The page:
Illumination-dependent temperature coefficients of the electrical parameters of modern silicon solar cell architectures
AuthorsZhang, Simon M.F.
Seif, Johannes P.
Abbott, Malcolm D.
Le, Anh Huy Tuan
KAUST DepartmentKing Abdullah University of Science and Technology, Thuwal 23955–6900, Saudi Arabia
KAUST Solar Center (KSC)
Embargo End Date2024-04-12
Permanent link to this recordhttp://hdl.handle.net/10754/676446
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AbstractPhotovoltaic devices operate under a wide range of temperature and illumination conditions. While the temperature coefficients (TC) of crystalline silicon solar cells have been well-studied, there have been only a few investigations regarding the effect of illumination on TCs. In this study, the TCs of the main electrical parameters of various silicon solar cell technologies are first determined. The illumination spectrum dependence of the TC of the short-circuit current and the illumination intensity dependence of the TC of the open-circuit voltage are then investigated. For the latter investigation, a custom-designed temperature-dependent Suns-VOC system is used. It is found that: (1) the TC of the short-circuit current measured using an A-rated spectrum may differ from the TC measured using the AM1.5G spectrum by up to 30%, (2) the TC of the open-circuit voltage of all technologies at 0.001 suns approximately doubles compared to at one-sun, and (3) silicon heterojunction cells seem to have the overall best TC performance at medium to high intensities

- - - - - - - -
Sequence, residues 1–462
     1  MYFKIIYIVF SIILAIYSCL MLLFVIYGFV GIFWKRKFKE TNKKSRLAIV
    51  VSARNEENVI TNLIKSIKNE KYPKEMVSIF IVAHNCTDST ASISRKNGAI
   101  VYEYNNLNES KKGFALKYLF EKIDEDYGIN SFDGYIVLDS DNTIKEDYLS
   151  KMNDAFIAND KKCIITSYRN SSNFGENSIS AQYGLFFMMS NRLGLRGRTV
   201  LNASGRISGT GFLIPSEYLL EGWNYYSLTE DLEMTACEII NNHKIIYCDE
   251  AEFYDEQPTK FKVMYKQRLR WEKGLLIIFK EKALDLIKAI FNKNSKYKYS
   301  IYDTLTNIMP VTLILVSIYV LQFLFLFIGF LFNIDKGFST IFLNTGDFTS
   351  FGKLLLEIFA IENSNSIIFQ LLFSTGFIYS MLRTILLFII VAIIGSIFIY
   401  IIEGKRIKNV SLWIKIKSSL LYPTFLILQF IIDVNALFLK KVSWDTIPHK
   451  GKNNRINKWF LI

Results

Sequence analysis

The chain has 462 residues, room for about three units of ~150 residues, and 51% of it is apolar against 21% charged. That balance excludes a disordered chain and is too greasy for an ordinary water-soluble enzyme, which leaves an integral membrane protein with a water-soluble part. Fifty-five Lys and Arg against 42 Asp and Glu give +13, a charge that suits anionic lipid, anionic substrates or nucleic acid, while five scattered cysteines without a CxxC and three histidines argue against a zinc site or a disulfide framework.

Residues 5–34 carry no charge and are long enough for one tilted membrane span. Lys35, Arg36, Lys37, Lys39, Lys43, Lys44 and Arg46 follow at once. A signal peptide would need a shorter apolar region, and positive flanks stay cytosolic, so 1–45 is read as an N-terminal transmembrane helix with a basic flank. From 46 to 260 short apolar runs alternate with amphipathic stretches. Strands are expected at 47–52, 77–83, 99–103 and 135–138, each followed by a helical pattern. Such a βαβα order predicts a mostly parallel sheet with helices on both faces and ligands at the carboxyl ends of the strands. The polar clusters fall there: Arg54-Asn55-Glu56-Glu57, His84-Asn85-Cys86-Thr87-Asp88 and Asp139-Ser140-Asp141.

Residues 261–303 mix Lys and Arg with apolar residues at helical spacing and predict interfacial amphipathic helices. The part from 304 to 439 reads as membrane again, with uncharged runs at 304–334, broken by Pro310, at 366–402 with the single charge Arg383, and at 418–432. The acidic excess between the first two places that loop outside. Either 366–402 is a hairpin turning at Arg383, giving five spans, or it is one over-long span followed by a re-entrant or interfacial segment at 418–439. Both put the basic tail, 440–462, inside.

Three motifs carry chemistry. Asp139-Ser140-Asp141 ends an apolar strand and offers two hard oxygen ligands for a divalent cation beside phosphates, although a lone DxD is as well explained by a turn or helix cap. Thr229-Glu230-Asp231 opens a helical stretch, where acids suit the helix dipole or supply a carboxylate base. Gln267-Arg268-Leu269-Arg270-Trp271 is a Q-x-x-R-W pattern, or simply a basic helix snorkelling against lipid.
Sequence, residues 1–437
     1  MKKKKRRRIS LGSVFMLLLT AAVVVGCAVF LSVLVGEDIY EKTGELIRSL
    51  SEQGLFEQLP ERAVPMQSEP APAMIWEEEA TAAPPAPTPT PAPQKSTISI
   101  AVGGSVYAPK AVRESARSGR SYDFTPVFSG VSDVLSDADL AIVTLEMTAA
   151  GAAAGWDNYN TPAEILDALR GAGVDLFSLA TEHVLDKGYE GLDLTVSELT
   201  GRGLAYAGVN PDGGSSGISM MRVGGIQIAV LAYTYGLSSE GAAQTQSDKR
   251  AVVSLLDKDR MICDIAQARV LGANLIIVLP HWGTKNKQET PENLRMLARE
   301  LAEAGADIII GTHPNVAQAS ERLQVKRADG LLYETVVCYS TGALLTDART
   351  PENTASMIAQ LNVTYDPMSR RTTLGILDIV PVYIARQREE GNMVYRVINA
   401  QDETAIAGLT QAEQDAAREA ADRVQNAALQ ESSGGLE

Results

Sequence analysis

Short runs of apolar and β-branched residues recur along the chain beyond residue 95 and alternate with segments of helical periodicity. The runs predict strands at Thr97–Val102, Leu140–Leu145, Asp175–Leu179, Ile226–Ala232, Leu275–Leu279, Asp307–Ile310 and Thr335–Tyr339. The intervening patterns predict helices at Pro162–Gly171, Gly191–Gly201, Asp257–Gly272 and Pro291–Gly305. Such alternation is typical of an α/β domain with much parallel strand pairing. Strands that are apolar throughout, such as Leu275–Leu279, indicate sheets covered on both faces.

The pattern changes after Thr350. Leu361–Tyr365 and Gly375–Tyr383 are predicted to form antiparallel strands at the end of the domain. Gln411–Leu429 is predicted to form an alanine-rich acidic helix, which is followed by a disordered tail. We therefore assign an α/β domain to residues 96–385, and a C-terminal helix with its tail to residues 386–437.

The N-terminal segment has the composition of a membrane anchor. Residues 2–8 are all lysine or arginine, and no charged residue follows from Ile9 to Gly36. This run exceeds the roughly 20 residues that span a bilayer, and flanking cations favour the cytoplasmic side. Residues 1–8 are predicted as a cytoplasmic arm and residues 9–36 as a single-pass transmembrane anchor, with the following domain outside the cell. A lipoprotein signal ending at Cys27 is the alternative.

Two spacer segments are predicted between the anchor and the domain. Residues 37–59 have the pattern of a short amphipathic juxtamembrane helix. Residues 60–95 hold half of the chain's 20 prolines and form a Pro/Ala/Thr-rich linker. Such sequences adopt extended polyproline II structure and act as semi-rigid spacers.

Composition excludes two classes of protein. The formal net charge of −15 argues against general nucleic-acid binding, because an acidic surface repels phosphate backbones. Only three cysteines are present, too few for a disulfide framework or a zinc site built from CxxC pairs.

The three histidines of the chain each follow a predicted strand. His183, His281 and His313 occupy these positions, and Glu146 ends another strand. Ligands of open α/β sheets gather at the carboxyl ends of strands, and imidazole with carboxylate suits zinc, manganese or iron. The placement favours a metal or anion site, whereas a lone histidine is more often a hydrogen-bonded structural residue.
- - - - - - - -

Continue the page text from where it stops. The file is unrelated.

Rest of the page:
CitationZhang, S. M. F., Seif, J. P., Abbott, M. D., Le, A. H. T., Allen, T. G., Perez-Wurfl, I., & Hameiri, Z. (2022). Illumination-dependent temperature coefficients of the electrical parameters of modern silicon solar cell architectures. Nano Energy, 98, 107221. https://doi.org/10.1016/j.nanoen.2022.107221
SponsorsThe authors thank Syed Nazmus Sakib (UNSW) for help with the WaveLabs measurements and Dr. Nino Borojevic (UNSW) for help with the LOANA measurements. The authors also thank Dr. Christopher Fell (CSIRO), Dr. Blagovest Mihaylov (CSIRO), Dr. Christos Monokroussos (TUV Rhineland), and Prof. Martin Green (UNSW) for valuable discussions. Special thanks to Dr. Ron Sinton and his team at Sinton Instruments for building the custom-designed Suns-VOC(T) system used in this study. This work was supported by the Australian Government through Australian Renewable Energy Agency [ARENA; project 2017/RND001]. The views expressed herein are not necessarily the views of the Australian Government, and the Australian Government does not accept responsibility for any information or advice contained herein. Simon M. F. Zhang was supported by an Australian Government Research Training Program Scholarship